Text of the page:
Hastings Hires Suspended Ethics Counsel

Posted March 11, 2011 at 11:44am

Updated: 6:07 p.m.

House Natural Resources Chairman Doc Hastings has hired a previously suspended Ethics Committee staffer to head a new investigative office his panel is creating.

The Washington Republican announced the creation of the Office of Oversight and Investigations on Friday, saying it will focus on agencies such as the Department of the Interior and announcing attorney Morgan Kim as the first hire.

“Conducting oversight of the Administration and issues under the Committee’s jurisdiction is one of Chairman Hastings’ top priorities and this newly established Office of Oversight and Investigations will ensure that it is done in a thoughtful and thorough manner,” Todd Young, chief of staff for Republicans on the Natural Resources panel, said in a statement.

Kim and another Ethics Committee attorney were put on administrative leave from the panel in November.

Natural Resources spokeswoman Jill Strait said late Friday afternoon that Kim had been “reinstated and was not under suspension when she chose to depart the Ethics Committee.”

Strait said Kim was resinstated to the committee on March 2. Ethics Chairman Jo Bonner (R-Ala.) declined to discuss Kim or the other aide last week.

Both Kim and Stacey Sovereign had worked on the subcommittee investigation into allegations involving Rep. Maxine Waters (D-Calif.)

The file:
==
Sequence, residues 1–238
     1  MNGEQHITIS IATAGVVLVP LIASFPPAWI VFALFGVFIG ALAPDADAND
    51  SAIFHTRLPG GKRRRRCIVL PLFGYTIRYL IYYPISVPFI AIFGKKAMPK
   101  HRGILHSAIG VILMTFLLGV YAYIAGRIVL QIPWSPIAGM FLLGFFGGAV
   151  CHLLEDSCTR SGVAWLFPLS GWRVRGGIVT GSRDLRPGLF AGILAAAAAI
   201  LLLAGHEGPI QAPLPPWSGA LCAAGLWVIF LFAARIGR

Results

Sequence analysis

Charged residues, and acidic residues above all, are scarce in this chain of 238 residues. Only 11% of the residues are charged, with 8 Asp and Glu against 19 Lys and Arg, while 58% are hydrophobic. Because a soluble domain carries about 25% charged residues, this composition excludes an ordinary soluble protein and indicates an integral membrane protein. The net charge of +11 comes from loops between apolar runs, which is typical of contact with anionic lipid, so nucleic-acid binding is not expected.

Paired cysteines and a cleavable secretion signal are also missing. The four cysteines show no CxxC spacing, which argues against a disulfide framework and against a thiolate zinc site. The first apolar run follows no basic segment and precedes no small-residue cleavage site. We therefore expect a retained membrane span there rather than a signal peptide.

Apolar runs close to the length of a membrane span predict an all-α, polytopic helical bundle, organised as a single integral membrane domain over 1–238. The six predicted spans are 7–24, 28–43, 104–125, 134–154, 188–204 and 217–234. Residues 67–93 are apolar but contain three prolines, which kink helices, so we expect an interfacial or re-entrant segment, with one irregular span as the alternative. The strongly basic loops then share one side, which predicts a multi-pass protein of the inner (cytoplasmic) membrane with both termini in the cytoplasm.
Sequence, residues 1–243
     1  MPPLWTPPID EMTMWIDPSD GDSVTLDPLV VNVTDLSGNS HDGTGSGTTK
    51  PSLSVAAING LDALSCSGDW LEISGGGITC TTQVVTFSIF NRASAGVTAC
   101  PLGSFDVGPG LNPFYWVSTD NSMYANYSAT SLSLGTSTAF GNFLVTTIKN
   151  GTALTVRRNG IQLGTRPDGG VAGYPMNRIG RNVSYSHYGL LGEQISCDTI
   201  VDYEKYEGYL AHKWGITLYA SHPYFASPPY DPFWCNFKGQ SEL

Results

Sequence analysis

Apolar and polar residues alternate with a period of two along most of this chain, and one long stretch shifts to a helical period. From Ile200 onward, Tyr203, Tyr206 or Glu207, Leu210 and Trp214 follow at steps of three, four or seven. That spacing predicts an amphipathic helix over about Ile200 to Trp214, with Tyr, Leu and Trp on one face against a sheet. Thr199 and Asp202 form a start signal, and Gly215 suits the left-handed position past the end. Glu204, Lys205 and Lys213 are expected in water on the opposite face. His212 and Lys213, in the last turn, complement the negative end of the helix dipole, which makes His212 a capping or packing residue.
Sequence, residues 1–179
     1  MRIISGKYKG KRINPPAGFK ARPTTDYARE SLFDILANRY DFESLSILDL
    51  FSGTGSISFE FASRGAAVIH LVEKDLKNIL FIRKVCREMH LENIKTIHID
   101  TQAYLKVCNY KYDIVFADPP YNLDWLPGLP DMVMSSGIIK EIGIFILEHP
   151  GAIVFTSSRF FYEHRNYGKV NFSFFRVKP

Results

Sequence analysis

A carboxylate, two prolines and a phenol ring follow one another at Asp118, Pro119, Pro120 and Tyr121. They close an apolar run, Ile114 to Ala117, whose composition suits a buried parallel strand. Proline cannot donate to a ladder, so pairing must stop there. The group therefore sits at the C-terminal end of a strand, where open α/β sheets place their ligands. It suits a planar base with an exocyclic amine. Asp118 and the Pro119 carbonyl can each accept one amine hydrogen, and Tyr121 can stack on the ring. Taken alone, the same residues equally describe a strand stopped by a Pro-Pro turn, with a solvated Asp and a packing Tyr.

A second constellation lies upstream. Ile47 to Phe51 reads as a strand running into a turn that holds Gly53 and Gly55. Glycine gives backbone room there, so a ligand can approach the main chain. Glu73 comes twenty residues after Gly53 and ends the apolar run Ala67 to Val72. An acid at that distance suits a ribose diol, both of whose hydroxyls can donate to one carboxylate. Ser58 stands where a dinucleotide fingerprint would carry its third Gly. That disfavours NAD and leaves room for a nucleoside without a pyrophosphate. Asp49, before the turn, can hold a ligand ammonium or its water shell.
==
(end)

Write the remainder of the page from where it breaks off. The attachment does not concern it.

The investigative subcommittee charged Waters in August with violating House rules, but in November the full Ethics panel postponed a scheduled trial after announcing it had uncovered new evidence in the case. Kim and Sovereign were suspended the same day, but the committee has never commented on the reason for the suspensions.

A House email address returned a message to Sovereign on Friday, and she is no longer listed as a staff member on the Ethics panel’s website.

“Chairman Hastings worked with Morgan Kim while serving as the Chairman and Ranking Member of the Ethics Committee and was impressed by her professionalism and ability to conduct non-partisan investigations — particularly her work as the lead investigator on the House Page inquiry. She is a valuable addition to our Committee’s staff,” Young said.